I don’t want to be bitter. Being bitter doesn’t hurt the object of my bitterness, only me. But I now understand why some or many ex-JWs are bitter. I remember when I was an active zealous JW thinking, “If someone wants to leave, go ahead and leave. But why make all the fuss? Why be bitter? This is your choice.”
The mistake I was making was not seeing that choosing to leave is not the same as choosing the consequences. Knowing what the consequences will be is not the same as choosing those consequences. It also doesn’t mean that those consequences are deserved.
When we leave the organization, we can be pretty sure what the consequences will be. Whether we are DFd, DAd, or merely inactive, we will be ostracized by everyone still in. And the longer we were part of the organization, the more likely it is that when we leave, we will lose every friend we ever had and the only family we have ever known.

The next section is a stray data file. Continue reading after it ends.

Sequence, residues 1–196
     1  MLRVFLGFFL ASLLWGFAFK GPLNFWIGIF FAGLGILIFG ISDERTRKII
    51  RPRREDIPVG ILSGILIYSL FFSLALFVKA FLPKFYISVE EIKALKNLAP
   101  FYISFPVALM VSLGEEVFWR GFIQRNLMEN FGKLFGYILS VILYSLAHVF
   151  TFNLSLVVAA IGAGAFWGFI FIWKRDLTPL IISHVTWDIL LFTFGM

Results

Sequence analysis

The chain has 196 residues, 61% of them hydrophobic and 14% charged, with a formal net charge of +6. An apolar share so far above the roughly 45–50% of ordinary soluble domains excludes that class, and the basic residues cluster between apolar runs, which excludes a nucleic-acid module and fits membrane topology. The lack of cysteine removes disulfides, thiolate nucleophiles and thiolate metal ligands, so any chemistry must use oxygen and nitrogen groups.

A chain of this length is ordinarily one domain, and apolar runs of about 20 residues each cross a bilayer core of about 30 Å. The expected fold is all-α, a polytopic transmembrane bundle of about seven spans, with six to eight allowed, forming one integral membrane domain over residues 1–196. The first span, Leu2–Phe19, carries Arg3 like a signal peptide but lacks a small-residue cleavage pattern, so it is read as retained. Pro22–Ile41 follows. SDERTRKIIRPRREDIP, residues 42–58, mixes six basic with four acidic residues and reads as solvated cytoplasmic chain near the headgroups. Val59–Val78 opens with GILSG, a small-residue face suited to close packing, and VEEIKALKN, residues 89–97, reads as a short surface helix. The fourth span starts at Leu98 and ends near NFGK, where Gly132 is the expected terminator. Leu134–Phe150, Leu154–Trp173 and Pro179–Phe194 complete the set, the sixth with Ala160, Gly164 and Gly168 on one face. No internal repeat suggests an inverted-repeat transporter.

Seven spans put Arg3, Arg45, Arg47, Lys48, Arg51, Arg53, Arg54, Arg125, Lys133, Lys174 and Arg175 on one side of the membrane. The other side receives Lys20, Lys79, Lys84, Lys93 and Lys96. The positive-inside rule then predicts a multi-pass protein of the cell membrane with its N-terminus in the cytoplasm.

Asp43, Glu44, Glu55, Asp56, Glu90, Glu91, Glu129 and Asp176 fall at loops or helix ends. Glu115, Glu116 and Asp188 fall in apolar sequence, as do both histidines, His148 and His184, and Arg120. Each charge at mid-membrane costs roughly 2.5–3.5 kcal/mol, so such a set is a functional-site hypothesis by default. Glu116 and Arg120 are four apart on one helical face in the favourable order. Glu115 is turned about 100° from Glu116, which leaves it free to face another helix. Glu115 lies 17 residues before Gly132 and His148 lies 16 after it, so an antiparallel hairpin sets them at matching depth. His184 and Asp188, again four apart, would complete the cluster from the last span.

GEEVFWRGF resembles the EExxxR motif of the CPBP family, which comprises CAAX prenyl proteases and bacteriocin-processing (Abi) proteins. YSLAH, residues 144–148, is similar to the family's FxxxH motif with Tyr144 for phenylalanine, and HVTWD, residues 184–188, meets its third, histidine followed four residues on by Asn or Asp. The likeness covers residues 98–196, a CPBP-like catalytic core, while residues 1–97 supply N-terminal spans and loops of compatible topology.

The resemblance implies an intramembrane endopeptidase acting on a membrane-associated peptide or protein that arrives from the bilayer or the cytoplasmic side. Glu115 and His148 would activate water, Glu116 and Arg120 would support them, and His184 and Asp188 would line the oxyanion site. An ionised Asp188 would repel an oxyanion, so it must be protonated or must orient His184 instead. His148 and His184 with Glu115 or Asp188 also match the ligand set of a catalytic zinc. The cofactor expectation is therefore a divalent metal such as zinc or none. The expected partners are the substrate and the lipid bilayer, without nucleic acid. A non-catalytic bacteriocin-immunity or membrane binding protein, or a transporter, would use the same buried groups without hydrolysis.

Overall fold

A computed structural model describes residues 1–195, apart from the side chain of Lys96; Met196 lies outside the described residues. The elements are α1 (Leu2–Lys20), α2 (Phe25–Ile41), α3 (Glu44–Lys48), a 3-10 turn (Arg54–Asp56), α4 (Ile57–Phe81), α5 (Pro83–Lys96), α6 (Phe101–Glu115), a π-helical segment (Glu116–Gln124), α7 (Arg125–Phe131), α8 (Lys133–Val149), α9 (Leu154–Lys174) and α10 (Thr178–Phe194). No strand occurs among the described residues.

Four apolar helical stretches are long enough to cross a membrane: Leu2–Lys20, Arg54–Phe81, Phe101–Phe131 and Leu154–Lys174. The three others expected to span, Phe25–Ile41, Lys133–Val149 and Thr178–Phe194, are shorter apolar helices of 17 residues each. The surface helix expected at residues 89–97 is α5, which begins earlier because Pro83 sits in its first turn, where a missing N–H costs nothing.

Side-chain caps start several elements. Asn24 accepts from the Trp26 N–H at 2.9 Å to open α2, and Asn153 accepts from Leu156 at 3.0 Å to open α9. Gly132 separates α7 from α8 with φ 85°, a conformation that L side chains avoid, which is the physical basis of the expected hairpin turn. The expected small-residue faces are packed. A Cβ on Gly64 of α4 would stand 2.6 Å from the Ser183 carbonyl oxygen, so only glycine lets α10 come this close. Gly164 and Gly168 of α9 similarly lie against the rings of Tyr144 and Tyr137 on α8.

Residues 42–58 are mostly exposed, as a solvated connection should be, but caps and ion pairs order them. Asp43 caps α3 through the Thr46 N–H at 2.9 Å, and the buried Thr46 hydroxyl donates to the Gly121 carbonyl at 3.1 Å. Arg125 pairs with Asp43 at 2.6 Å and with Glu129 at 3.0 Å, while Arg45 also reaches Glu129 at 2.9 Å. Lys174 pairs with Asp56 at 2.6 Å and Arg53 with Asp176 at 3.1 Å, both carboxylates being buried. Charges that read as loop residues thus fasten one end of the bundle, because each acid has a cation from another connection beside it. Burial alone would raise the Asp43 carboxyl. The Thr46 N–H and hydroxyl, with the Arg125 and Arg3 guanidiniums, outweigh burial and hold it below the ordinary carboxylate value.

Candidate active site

We are expected to “know” that we are doing wrong in leaving and that, therefore, we are only getting what we deserve. If we want to change it, then we can go back “like we should.” But it is very difficult to respect rules, and the consequence of breaking rules, when we no longer believe they are true and just.